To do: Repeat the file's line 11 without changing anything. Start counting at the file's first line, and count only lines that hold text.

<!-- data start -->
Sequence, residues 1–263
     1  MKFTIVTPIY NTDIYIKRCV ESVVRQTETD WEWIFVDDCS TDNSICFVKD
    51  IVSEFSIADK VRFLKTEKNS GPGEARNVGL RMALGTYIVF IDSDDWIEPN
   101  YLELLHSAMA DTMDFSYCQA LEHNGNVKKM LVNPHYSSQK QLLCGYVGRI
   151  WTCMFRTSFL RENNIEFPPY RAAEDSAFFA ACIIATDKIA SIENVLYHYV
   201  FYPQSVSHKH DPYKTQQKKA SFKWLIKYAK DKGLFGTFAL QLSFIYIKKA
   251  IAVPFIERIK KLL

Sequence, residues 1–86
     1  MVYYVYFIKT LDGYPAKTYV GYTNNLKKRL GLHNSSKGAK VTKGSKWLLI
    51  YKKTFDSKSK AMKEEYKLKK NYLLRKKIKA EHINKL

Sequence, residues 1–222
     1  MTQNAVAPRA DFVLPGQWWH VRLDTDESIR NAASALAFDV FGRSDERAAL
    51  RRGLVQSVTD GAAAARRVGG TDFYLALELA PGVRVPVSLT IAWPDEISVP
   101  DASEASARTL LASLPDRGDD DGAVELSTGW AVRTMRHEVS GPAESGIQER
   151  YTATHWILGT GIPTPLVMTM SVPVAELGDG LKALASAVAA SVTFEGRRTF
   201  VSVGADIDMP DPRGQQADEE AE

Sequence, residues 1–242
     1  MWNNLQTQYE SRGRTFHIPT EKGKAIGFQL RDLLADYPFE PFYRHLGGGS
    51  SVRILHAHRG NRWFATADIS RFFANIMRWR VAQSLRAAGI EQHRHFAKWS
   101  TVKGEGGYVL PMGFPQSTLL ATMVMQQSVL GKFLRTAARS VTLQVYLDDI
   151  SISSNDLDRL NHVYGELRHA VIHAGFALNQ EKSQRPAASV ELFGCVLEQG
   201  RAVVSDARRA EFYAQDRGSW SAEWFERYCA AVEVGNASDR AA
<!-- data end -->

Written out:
Sequence, residues 1–222